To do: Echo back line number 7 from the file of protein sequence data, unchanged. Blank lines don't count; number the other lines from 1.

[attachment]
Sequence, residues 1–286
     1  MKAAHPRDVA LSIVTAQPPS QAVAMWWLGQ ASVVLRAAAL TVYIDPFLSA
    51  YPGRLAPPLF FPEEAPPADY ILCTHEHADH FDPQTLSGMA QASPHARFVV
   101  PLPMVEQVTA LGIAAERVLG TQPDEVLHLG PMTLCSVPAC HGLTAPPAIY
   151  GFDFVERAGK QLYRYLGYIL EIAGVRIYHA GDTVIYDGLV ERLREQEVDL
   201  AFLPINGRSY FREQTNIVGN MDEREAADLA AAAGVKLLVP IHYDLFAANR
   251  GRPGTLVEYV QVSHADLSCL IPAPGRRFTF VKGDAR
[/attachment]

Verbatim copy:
   251  GRPGTLVEYV QVSHADLSCL IPAPGRRFTF VKGDAR